Two weeks later, in the evening hours, the phone call came: “The interview is being scheduled for tomorrow.”

With the crack of dawn he traveled from Ramallah to the Allenby Bridge, reached Amman and took a taxi to Damascus. “I wrapped the coffee to conceal its odor so that they wouldn’t discover that I have coffee from Israel,” he says.

After a strict security check he was taken into the living room in Mashaal’s house, which has a large picture of the al-Aqsa Mosque on its wall, alongside portraits of Hamas founders Sheikh Ahmed Yassin and Abdel Aziz al-Rantissi, who were assassinated by Israel. A pile of fresh fruit was placed on the table.

“During the interview, when I wanted to take pictures, I took a few steps back from the desk. Mashaal’s head was peeking from between the fruit, but one of the assistants asked me not to take the photo that way, because ‘anyone who saw the pictures would think he was a greengrocer.”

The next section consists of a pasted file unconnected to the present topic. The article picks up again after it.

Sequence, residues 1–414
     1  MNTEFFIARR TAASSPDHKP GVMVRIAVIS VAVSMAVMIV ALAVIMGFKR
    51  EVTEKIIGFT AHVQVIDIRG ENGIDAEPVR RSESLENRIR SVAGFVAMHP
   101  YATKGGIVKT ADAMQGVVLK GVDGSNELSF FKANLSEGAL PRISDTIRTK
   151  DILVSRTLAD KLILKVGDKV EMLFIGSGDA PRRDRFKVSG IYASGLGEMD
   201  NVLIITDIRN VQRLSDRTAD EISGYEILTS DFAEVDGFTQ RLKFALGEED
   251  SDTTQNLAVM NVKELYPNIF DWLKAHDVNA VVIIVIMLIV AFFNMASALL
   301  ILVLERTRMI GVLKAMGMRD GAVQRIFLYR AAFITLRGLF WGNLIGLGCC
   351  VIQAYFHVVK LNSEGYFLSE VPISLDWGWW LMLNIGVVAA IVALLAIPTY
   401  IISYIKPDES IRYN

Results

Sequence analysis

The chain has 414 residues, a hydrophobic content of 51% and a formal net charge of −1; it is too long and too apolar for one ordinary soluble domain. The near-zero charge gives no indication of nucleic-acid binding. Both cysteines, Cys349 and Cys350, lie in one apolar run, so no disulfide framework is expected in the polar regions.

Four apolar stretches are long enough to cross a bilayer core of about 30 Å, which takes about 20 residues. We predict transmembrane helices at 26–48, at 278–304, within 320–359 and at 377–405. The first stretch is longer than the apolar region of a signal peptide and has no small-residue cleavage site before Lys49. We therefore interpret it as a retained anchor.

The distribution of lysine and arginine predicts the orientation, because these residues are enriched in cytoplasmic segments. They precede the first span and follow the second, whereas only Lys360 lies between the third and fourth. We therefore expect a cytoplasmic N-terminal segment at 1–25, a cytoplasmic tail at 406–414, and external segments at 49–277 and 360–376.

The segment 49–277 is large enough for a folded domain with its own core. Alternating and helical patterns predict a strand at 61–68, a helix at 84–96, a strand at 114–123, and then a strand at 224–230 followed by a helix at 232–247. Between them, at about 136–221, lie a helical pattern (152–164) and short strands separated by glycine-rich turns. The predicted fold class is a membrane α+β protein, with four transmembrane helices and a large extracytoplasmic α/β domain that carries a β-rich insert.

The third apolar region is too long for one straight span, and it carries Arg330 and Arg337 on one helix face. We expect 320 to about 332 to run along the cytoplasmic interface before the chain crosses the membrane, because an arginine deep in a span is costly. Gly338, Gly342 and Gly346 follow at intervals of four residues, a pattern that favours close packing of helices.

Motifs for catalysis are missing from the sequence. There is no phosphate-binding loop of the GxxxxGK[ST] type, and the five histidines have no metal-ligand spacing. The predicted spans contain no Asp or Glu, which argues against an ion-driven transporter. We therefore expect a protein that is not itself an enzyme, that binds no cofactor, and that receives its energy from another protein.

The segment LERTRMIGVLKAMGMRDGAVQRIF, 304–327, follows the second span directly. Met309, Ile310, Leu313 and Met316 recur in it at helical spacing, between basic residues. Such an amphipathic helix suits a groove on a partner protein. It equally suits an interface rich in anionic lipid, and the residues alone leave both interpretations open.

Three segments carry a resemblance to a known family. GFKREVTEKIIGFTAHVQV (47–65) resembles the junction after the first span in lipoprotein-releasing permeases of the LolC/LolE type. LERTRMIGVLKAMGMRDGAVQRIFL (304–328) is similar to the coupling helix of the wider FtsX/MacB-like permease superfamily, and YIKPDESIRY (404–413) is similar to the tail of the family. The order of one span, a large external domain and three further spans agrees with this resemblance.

Were you excited?

“I stop thinking about the first minute of the meeting. I asked myself whether I should settle for a handshake or the common greetings. But the moment Mashaal walked into the room, the ice was broken. He called out, ‘Ahlan wa sahlan’ (welcome) as if we had known each other for years, and then walked towards me with his arms wide open, hugged me and kissed me on the cheeks.”

The interview lasted four hours. Mashaal, says Najib, answered the difficult questions in detail. “When we reached the questions about (kidnapped soldier) Gilad Schalit, I pulled out a letter written to him by peace activist Gershon Baskin. I told him, ‘This is a letter from Israel.’ Mashaal smiled and replied, ‘I’m not even allowed to touch it. I don’t accept letters from Israelis. It’s impure.’ He asked me to read to him what it said.”